US 'tech' voting not trustworthy

United States voters will go to the polls in November using electronic voting machines that cannot be verified, a computer scientist warned last week.

David Dill of Stanford University told an American Association for the

In a Florida state house-seat election last month, touch-screen machines recorded 127 blank ballots. The race was won by 12 votes. No recount was possible because there was nothing to recount.

“The system is in crisis,” Professor Dill said.
“A quarter of the American public are voting on machines where there’s very little protection of their votes. I don’t think there’s any reason to trust these machines.”

Federal funds had been handed to states to update their voting equipment after the bitterly contested presidential election of 2000.

But there had been many problems with electronic machines. “If the machine silently loses or changes the vote, the voter has no clue what has happened,” said Dill.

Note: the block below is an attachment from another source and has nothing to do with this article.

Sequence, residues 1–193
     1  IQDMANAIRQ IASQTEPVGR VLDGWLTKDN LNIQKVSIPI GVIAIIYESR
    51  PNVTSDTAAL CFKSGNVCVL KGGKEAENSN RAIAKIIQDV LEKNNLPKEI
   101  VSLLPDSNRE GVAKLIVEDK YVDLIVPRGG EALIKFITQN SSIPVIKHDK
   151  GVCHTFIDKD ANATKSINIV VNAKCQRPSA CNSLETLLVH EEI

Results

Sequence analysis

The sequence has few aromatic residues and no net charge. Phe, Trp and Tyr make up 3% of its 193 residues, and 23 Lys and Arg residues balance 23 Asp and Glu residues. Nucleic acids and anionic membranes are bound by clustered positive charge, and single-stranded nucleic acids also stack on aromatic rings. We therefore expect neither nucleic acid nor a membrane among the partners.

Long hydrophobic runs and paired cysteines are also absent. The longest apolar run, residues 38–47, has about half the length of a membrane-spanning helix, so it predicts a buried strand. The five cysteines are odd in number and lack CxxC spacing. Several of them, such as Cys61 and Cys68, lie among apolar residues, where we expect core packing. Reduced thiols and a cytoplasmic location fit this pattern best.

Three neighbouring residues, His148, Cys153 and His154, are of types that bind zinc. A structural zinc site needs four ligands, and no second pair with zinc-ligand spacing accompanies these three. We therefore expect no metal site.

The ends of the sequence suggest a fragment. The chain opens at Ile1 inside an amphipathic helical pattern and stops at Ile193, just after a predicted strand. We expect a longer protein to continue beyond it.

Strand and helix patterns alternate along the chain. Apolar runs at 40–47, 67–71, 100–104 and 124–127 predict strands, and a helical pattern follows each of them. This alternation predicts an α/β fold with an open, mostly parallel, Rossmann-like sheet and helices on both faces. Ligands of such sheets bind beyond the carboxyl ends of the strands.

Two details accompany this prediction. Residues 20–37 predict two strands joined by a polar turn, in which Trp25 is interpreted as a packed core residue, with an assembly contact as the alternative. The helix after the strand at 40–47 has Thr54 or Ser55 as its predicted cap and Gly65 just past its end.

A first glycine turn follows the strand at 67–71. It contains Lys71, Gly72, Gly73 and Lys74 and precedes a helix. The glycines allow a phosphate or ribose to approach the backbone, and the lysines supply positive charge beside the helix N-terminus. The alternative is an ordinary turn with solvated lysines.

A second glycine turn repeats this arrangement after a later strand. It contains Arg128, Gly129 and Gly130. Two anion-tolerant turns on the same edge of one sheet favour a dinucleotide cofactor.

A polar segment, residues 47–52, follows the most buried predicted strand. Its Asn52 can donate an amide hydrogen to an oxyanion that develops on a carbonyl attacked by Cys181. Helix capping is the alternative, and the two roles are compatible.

After 20 years of research he had come to appreciate just how difficult it was to create a flawless computer system. He said democracy should be protected by an audit trail that could be checked when a result was disputed.Advancement of Science meeting in Seattle that 1 600 technologists and 53 elected officials had now joined his crusade for a “paper trail”, so that electronic voting machines could be checked.

“If you have computers recording votes or counting votes, then you have to do manual recounts with sufficient frequency [so] that machine errors are likely to be caught.”

The 2000 election in Florida ended in the courts and it took five weeks of legal argument before US President George W Bush was declared the winner. — Â

Client Media Releases

NWU hosts successful press club networking forum
Five ways to use Mobi-gram
MTN gears up for Black Friday sale promotion